Why you shouldn’t mow your lawn this month (no matter how long the grass gets)

Fight the urge to get the lawn mower out – you won’t regret it

garden with shrubs, plants, grassland and grassland in front of a brick house
(Image credit: Future PLC / James French)

Warmer weather is often accompanied by the alluring scent of freshly cut grass, but before you crack out your best lawn mower there is a very good reason you should be waiting until the start of June, and it's called 'No Mow May'.

You might want to get a jump start on making sure your lawn looks neat and tidy and ready for the garden party ideas ahead. Plus, let's face it nearly every single list of lawn care tips out there starts with cutting the grass. 

However, experts have recommended holding off on mowing your lawns until the month is out. No Mow May which lasts, as you probably guessed, for the whole month of May is a time to liberate your lawns and let them grow long and free.

Many of our Editors are already on board with the No Mow May movement, and are leaving their lawns locked up for the rest of the month (and some a bit longer). 'Letting your lawn grow longer and wildflowers pop up has huge benefits for pollinators and biodiversity, but can also look beautiful,' says Rachel Crow, Editor of our sister magazine Period Living, and our in-house gardening pro. 

'Rather than fight the dandelions, daisies and other flowers that naturalise in the grass, see the beauty in them, and enjoy watching pollinators, including bumblebees and butterflies feed off them. They are important to a garden’s ecosystem, and you’ll enjoy healthier plants as a result of the influx of more beneficial insects and birds.'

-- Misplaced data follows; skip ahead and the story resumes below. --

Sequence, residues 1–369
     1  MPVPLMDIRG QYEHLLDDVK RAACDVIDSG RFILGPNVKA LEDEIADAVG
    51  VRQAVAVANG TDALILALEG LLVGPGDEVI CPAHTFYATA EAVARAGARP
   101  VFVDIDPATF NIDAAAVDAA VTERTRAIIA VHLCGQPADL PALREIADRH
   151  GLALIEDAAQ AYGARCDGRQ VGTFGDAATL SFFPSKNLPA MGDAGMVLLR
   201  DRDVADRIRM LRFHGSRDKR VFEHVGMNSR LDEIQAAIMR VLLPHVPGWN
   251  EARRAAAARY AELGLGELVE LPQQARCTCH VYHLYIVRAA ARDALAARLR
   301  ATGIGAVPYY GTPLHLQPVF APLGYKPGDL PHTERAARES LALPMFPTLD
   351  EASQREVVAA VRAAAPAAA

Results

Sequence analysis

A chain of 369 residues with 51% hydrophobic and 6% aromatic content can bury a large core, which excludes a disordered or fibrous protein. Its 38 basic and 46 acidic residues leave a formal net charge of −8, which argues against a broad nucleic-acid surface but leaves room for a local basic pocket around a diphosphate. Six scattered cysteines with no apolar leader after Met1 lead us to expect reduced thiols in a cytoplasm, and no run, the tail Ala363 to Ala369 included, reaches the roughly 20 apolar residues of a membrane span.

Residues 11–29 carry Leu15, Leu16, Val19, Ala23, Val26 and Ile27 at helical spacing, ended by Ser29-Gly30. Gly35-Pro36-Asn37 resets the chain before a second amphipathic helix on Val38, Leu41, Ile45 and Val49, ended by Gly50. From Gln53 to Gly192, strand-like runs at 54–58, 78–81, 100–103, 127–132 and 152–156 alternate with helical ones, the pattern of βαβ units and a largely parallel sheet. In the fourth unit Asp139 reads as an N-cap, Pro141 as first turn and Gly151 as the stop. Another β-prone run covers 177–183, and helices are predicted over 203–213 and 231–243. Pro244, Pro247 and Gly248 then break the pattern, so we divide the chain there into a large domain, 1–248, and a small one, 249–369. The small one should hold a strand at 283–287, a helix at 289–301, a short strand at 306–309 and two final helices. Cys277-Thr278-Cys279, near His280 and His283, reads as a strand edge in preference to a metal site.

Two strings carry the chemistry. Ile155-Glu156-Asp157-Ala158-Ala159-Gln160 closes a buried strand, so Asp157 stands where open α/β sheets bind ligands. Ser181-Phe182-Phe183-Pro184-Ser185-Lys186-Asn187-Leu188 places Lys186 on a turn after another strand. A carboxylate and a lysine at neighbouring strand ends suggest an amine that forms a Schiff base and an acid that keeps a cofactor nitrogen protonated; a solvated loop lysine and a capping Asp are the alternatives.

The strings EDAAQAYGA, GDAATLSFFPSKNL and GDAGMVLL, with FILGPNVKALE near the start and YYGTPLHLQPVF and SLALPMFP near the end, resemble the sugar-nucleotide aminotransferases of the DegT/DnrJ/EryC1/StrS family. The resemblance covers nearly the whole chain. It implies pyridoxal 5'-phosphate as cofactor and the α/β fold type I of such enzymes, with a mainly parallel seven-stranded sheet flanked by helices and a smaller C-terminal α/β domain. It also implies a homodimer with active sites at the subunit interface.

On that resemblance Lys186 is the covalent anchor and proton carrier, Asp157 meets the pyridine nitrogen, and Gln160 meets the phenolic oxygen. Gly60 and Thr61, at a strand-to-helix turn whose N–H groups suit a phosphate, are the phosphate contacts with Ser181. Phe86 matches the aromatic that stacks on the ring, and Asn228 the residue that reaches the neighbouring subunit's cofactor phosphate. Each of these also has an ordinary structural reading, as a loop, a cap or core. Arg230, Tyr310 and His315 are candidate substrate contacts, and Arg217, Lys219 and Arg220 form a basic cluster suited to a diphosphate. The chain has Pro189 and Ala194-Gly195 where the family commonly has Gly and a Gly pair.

What is No Mow May?

First launched in 2019, No Mow May is Plantlife's annual campaign calling all gardeners to refrain from mowing their lawns and green spaces in May. 

That’s one whole month off for your mower – or 31 days of lush grass growth, if you prefer.

A field of wildflowers, bees, and butterflies

(Image credit: Getty)

'We’ve lost nearly 97% of flower-rich meadows since the 1970s and with them gone are vital food needed by pollinators, like bees and butterflies,' explains the Plantlife team. 

If we all mow less, they add, the pollen count on our lawns can skyrocket, boosting the amount of nectar available for pollinators. And this doesn’t just benefit wildlife garden ideas: it also helps deliver enormous gains for communities and the climate – not to mention your garden, too.

Gardening presenter Monty Don is among the earliest advocates for the No Mow Movement explaining on his blog that 'at Longmeadow we restrict this to paths and try and let as much grass as possible grow long and planted up with spring bulbs and wildflowers. This looks beautiful and is so much better for insects and all forms of wildlife than a neatly mown lawn.'

In fact, for him May isn't long enough to ditch the lawnmower, he recommends holding off until after the longest day of the year in June. 'This gives the foliage of the bulbs time to die back and feed next year’s bulb and subsequent flowering. The grass can then be cut if it has been hot and dry although sometimes I leave this as late as mid August,' he explains.

What should you do before letting your lawn grow?

Catherine Capon, rewilding advocate and communications consultant at the digital tree planting platform Treedom, who is on a mission to green the planet and rewild our ecosystems with trees, says it's a good idea to take a look at your lawn before you begin.